Routes to the Pacific Coast

“From 1849 through 1860 approximately two-thirds of travelers bound for the Pacific Coast chose some other route than that through South Pass. Some 9,000 forty-niners and lesser numbers in subsequent years traveled over the co-called southwestern trails to California, a term incorporating such routes as the Santa Fe, Gila, and Spanish Trails. Farther south were several gold rush routes across Mexico. Approximately 15,000 argonauts toiled across these trails in 1849 and again in 1850; by then the hardships of the route had been sufficiently publicized so that relatively few followed in later years.

Still farther south were the well-traveled isthmian crossings of Nicaragua and Panama. In the mid-1850s, the Nicaraguan route almost superseded the Panamanian route in popularity, but entrepreneurial competitions and William Walker’s ill-advised filibustering expedition closed the route in 1857 after 56,811 westbound travelers had crossed since its 1851 opening. A mere 335 travelers inaugurated the Panama crossing in 1848, but by 1860, 195,639 had traveled to san Francisco via panama, only a few thousand less than had traveled over the California Trail during the same period.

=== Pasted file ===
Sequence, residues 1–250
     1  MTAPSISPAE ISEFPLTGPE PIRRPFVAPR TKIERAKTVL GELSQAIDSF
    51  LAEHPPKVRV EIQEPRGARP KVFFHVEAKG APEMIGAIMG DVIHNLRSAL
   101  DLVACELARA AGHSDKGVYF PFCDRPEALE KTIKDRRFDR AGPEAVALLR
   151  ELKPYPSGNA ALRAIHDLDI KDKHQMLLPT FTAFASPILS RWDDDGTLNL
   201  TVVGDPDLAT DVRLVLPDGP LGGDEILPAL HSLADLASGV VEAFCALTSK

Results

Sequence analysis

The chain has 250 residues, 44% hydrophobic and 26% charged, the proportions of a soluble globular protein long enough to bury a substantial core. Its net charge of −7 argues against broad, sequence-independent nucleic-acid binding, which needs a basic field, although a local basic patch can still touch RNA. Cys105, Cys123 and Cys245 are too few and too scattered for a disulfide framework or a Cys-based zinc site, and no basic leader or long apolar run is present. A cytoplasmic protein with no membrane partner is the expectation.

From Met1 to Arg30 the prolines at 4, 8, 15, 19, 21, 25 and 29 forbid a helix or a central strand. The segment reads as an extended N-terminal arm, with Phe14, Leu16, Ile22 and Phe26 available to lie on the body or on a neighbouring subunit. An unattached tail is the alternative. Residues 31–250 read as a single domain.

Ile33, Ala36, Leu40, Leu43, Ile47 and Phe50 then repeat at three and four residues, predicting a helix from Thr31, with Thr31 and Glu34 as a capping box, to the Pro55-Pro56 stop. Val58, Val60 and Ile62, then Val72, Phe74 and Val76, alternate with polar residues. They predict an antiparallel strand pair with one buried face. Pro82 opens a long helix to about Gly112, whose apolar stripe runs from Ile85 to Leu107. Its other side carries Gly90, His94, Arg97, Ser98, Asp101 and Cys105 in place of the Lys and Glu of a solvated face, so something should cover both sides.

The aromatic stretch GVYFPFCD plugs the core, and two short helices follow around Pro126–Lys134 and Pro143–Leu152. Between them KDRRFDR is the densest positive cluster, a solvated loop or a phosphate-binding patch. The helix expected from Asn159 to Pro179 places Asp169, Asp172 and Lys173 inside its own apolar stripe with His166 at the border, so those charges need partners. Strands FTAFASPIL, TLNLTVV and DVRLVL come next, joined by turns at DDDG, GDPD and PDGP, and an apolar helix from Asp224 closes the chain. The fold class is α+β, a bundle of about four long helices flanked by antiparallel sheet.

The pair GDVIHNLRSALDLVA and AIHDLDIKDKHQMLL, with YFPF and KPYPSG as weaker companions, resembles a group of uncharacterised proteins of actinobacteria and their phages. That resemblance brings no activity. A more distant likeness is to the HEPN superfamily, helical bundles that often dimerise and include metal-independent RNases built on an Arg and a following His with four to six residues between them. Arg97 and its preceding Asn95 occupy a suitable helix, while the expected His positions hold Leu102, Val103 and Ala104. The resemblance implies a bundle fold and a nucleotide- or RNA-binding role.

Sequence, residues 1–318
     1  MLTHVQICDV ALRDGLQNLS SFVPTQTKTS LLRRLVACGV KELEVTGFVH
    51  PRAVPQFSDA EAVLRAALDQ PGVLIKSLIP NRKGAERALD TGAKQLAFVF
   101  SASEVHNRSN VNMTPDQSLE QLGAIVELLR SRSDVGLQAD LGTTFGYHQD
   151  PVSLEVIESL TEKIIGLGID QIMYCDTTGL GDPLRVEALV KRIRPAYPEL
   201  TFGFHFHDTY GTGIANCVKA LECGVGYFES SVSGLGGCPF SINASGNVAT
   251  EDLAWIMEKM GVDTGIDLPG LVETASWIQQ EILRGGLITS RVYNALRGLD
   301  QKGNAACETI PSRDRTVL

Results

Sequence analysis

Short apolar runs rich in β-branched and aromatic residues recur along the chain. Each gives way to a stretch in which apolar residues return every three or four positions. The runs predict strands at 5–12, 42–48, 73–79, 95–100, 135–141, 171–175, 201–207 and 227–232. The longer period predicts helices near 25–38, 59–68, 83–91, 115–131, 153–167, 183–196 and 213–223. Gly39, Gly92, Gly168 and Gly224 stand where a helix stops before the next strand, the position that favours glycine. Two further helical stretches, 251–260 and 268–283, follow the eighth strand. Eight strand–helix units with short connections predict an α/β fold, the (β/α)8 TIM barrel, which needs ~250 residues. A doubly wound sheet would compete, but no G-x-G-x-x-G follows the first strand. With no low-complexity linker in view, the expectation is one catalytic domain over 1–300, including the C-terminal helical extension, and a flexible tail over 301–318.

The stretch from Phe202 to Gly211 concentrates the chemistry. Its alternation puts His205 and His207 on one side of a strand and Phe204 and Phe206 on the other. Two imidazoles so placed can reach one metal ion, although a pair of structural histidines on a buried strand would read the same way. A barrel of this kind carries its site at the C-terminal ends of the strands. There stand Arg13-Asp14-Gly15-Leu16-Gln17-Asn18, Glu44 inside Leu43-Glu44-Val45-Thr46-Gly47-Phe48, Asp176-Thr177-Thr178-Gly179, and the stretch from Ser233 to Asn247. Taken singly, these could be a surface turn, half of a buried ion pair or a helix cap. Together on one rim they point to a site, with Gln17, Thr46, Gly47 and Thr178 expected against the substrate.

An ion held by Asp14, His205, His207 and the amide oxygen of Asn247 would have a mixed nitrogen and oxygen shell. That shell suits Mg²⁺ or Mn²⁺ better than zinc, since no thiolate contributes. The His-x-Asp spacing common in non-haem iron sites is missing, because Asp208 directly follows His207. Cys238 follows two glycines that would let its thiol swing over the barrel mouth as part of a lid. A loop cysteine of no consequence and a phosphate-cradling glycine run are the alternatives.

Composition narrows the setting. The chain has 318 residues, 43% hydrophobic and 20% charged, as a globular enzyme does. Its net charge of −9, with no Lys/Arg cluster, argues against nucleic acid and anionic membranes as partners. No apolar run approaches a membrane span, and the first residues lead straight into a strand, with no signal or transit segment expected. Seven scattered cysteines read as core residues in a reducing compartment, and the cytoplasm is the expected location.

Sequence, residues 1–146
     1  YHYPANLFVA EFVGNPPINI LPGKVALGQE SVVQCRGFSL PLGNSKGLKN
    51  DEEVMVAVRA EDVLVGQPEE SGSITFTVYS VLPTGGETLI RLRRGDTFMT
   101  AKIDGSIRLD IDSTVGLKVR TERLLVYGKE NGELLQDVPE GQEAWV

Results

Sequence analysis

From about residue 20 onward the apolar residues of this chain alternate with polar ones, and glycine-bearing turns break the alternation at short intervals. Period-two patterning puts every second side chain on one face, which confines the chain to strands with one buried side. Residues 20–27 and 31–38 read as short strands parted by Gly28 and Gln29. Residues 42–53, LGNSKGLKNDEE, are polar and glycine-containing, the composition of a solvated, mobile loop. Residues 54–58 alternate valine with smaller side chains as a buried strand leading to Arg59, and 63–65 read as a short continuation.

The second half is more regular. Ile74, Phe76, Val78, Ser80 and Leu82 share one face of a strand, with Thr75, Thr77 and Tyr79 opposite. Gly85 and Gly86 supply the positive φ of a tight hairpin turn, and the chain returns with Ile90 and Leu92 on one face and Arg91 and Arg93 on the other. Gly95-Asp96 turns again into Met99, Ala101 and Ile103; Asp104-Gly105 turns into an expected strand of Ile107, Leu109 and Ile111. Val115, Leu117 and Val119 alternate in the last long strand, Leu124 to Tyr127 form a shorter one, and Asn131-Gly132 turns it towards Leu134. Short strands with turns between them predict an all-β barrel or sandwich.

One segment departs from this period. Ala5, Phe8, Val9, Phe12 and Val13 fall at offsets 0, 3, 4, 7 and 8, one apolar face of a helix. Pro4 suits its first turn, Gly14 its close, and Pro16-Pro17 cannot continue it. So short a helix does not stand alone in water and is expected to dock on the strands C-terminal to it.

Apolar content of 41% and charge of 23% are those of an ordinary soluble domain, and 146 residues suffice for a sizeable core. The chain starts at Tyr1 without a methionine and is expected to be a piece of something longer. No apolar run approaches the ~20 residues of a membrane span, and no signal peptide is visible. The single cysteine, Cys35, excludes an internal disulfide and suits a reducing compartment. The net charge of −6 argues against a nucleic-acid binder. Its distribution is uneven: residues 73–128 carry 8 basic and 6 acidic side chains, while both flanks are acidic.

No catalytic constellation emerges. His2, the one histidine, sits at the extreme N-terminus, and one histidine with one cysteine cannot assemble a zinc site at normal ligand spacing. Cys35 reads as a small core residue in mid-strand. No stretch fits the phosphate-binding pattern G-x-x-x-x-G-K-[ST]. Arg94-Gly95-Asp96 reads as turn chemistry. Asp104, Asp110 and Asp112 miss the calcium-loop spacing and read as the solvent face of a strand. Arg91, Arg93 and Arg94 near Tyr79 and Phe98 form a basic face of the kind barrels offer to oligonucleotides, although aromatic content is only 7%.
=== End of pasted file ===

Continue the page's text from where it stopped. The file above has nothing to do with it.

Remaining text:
The other major route option—in 1849 the most popular choice next to the South Pass overland trail—was the long sea voyage around Cape Horn. Nearly 16,000 gold seekers reached San Francisco by this route in 1849, almost 12,000 in 1850, and declining numbers in subsequent years.”